02-15-2016 06:56 PM - edited 02-15-2016 06:58 PM
Currently running quasi-likelihood regressions, where the code is PROC GLIMMIX.
Can someone tell me the difference between the following statements:
model y ~ x /link = logit dist = binomial
model y ~ x / link = log solution
When I ran the code with 'link = logit dist = binomial' I was never able to get a value on the coefficients (which is what I'm looking for).
02-15-2016 08:56 PM
Link function is different.
model y ~ x /link = logit dist = binomial :
Like proc logistic . link function is log(p/(1-p)) y~binomial distribution
model y ~ x / link = log solution:
link function is log(y) y usually is positive value.
02-16-2016 09:34 AM
Logistic regression in GLIMMIX often requires more iterations than the default to reach convergence. Providing your code and any quotes from the output regarding non-convergence, etc. would be helpful in addressing your problems.
02-16-2016 05:50 PM
You have several issues/problems. With your code with link=log, you are using a normal distribution (the default). This is likely not what you want. Put in the dist= option. Also, your syntax is wrong for GLIMMIX. One does not use "y ~ x". One uses "y=x". Also, you are using pseudo-likelihood, not quasi-likelihood. Quasi-likelihood is when the likelihood is not defined (or definable). If you put in:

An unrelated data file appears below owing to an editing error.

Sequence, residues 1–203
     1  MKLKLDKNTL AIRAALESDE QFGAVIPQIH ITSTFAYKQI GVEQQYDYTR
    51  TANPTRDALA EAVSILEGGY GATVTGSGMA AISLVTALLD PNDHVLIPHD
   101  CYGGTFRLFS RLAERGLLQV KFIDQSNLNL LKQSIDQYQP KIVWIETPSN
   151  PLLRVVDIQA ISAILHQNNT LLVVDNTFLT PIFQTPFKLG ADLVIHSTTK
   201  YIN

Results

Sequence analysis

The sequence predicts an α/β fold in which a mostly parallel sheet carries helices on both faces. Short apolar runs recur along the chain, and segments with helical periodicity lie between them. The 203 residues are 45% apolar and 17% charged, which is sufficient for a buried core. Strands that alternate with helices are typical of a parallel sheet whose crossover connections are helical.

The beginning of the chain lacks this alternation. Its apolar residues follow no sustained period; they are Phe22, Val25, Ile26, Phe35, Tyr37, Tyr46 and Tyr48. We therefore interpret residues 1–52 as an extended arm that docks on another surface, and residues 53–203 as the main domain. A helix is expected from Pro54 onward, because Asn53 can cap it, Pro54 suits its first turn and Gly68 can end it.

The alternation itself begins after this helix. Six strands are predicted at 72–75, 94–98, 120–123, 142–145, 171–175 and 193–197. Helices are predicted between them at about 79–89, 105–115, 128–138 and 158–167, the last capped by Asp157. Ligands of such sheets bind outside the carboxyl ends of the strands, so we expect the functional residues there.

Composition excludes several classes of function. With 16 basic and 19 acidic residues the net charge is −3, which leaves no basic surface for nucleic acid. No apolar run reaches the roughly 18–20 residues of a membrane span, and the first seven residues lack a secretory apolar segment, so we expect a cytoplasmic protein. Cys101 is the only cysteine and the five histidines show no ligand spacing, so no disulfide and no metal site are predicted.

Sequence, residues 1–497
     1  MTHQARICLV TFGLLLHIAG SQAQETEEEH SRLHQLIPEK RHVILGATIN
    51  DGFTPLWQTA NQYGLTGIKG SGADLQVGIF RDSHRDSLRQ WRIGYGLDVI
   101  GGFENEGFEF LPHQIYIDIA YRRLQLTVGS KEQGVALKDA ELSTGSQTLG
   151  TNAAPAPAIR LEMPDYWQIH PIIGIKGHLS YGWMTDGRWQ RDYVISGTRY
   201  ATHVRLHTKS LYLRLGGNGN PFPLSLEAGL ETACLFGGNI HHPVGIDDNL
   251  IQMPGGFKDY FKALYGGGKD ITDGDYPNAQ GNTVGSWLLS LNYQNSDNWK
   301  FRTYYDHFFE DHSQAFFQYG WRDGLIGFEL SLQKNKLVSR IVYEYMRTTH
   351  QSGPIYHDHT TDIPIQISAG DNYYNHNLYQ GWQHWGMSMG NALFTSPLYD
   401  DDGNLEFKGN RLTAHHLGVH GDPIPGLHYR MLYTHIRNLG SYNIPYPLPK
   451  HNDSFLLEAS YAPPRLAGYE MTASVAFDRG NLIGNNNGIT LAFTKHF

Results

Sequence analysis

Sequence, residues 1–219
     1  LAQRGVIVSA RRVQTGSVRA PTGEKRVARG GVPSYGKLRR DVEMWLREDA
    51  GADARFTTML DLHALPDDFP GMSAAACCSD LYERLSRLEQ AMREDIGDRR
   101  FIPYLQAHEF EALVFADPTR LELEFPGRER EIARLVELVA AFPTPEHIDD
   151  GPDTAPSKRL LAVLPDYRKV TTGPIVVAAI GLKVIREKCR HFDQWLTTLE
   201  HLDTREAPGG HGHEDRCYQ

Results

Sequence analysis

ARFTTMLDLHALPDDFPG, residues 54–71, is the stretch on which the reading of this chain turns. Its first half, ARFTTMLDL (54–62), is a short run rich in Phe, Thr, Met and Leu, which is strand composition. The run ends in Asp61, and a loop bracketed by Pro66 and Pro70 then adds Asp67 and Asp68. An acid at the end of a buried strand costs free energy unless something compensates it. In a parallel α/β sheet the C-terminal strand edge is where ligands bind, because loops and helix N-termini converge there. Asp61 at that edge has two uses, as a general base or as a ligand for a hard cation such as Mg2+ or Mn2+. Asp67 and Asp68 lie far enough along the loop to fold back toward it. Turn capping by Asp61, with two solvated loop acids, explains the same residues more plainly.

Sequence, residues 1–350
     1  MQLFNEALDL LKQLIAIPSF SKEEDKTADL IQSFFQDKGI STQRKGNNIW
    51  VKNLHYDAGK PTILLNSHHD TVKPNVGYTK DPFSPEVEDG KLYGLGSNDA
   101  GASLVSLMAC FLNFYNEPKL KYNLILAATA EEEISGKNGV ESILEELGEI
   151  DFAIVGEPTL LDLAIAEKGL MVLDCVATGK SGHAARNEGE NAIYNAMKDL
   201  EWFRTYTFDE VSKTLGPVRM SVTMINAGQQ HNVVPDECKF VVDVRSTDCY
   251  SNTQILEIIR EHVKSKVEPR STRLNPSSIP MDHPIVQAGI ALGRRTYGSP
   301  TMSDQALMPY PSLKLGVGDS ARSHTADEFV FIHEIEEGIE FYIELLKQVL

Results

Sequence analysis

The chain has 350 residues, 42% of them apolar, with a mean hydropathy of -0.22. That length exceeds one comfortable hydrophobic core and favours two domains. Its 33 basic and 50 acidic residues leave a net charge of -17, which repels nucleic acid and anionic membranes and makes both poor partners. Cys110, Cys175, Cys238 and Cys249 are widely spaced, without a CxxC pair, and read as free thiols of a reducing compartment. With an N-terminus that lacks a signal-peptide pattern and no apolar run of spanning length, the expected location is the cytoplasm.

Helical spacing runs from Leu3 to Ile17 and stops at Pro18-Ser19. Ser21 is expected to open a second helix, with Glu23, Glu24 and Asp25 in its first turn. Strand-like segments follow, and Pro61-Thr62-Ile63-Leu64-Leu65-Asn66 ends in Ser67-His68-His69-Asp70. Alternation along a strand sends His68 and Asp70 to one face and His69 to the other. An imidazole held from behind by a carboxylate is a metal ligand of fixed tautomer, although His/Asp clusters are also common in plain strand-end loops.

then you would have quasi-likelihood with the binomial. Another way of getting quasi-, is to specify the mean and variance functions directly. Both ways are defining a variance:mean structure that does not correspond to a real probability distribution.
02-16-2016 06:10 PM
Thanks all for the clarification; I am still running into syntax error codes.
When I include dist = option is says syntax error, expecting one of the foollowing: B, BERNOULLI, BETA, etc.
Below is the code I ran:
proc glimmix data = TEST;
model utility_score = AGE INCOME ... (number of independent variables here) / link = log dist = option;
where utility_score gt 0;
Reason why I'm running quasi-likelihood is because my dependent variable is between 0 and 1; cannot take on the 0 value but can be 1. Also, the dependent variable is skewed (left).
02-17-2016 08:49 AM
02-18-2016 12:27 PM
Got it. One (hopefully) last question; I believe that I need dist = beta because my dependent variable is between 0 and 1 (though it cannot take on the value of 0).
But the question I still have remaining is that this dependent variable is left-skewed (skewness: -1.97); is one able to incorporate that in the distribution code anywhere?
If I remember correctly a positively skewed variable would take on a Poisson distribution but I haven't come across how to incorporate a negatively-skewed variable.
Any thoughts would be greatly appreciated.
02-18-2016 12:38 PM